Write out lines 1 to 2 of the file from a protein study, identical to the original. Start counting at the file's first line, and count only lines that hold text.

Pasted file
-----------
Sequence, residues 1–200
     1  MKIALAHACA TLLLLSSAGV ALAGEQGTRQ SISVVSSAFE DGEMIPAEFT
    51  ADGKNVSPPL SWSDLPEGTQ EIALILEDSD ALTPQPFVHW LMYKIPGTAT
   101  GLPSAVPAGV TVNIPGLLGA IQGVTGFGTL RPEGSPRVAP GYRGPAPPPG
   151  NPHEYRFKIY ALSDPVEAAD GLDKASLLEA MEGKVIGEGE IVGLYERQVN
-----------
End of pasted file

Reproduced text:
Sequence, residues 1–200
     1  MKIALAHACA TLLLLSSAGV ALAGEQGTRQ SISVVSSAFE DGEMIPAEFT